Capri is a walker’s paradise, full of incredible views and scenery, but most visitors never venture beyond the winding lanes of the island’s two towns, Capri and Anacapri. If you want to put some distance between you and the crowds and experience the sweeping vistas that have inspired visitors since the time of the Roman emperors, however, there’s no better way than to set off along one of the stunning walking trails that skirt the coastline and climb into the inland hills.
Here are five spectacular Capri hiking paths to get you started, though there are many more on the island. The terrain can be rugged so wear proper shoes and long socks (or pants) so your legs don’t get scratched if taking one of the wilder paths. The temperatures on Capri soar during midday and many routes are not shaded—don’t forget to bring a hat, sunscreen, water, and bug repellent.
The famous Via Krupp, considered to be one of the prettiest roads in the world, reopened recently after having been closed for a few years to reinforce the cliff face onto which it clings. This dazzling paved walkway was created in the early 20th century by the German industrialist Friedrich Alfred Krupp to link his yacht moored at Marina Piccola to the area near the landmark Grand Hotel Quisisana, where he kept a suite.
The route follows a series of hairpin bends cut into the rock and set so close together that they almost overlap when you peer down on the road from above. To get there, start at the Piazzetta Umberto I in Capri, then follow Via Vittorio Emanuele to Via Matteoti, which then hits Via Krupp. Before heading down the path, consider visiting the beautiful Gardens of Augustus or the Carthusian Monastery, located right at the top of the trail. Once you reach Marina Piccola at the foot of the route, relax at one of the beach clubs with a drink or a swim then take the bus back up to Capri town.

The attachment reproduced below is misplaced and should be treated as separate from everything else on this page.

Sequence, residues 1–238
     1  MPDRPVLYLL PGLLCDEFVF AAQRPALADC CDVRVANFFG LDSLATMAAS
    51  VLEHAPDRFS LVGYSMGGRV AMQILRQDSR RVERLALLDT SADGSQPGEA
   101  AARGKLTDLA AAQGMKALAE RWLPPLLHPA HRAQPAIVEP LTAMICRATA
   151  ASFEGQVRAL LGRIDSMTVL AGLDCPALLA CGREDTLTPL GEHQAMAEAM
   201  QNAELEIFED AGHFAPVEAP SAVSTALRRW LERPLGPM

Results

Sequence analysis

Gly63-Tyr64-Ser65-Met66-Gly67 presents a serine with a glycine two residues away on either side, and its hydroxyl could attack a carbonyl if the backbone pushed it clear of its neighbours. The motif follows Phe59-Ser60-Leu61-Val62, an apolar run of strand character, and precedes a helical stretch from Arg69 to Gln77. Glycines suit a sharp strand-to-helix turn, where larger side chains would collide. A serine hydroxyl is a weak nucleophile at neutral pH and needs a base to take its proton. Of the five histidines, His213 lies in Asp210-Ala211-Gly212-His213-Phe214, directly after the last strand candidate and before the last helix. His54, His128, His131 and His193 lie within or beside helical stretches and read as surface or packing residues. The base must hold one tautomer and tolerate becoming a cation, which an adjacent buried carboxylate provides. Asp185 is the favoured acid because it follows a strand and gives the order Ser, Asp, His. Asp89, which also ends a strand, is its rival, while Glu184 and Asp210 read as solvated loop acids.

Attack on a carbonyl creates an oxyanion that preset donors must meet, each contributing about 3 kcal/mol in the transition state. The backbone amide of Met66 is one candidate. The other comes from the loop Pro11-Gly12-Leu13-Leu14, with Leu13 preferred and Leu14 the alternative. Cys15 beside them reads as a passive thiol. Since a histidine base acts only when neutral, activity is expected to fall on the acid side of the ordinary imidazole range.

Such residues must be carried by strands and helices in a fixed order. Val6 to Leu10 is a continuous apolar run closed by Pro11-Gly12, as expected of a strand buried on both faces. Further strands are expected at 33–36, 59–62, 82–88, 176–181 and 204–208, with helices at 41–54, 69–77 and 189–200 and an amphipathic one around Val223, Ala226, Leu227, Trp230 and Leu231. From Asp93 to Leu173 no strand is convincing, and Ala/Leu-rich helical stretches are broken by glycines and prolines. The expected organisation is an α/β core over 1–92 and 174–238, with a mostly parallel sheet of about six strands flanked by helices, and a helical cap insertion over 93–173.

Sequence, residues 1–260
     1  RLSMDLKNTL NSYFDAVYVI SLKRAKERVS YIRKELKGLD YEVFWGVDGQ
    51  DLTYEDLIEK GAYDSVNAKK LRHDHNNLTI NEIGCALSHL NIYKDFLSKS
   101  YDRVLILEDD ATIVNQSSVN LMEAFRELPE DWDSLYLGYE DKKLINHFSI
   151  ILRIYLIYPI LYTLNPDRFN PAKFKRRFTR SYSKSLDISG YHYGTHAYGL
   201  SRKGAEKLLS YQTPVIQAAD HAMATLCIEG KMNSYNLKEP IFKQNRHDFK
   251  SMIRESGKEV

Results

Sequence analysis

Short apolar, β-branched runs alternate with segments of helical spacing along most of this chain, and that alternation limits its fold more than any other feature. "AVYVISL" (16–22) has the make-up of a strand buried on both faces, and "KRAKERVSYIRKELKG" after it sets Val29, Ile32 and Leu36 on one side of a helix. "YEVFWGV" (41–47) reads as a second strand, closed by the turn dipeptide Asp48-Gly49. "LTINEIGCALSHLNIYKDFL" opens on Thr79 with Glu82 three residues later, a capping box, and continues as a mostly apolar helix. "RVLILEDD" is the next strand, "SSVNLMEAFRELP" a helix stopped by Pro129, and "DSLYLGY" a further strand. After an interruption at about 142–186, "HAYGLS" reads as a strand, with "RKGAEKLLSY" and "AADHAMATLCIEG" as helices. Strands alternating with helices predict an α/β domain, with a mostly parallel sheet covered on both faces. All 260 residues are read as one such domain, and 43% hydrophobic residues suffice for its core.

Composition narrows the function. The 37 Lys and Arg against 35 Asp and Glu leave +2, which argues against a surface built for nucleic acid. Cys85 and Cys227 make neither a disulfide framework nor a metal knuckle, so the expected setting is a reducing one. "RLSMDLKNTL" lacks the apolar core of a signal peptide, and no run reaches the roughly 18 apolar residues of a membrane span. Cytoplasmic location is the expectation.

The Pizzolungo trail showcases the two sides of Capri: the see-and-be-seen bustle of chic Capri town and the wild countryside of the coast just beyond its confines. This trail has lots of steps, both up and down, but the return stretch from Punta Tragara to the town of Capri is an easy wander.
From the famous (and crowded) Piazzetta in the town of Capri, head down Via Vittorio Emanuele to Via Camerelle, then follow Via Tragara towards the Arco Naturale (Natural Arch) along the Pizzolungo path. Follow the signs, stopping at Le Grotelle restaurant for a drink or lunch, then head down a steep hill to the gorgeous Cave of Matermania where pagan rituals were celebrated in honor of Mitra in ancient times.
From there, the path takes you down to the Punta Tragara, with incredible views of the famous Faraglioni rocks. End with a dip or lunch at Da Luigi or La Fontelina, the two beach clubs just below. (Note that they fill up in the summer you should book your spots well in advance.) Both beach clubs have a shuttle boat service to Marina Piccola, where you can catch a bus or taxi back to Capri town. Otherwise,
head back to Capri along Via Tragara, an easy walk along a picturesque lane lined with villas and luxury hotels. This route will take you directly to Via Camerelle, the most famous luxury shopping street on Capri in the heart of Capri town.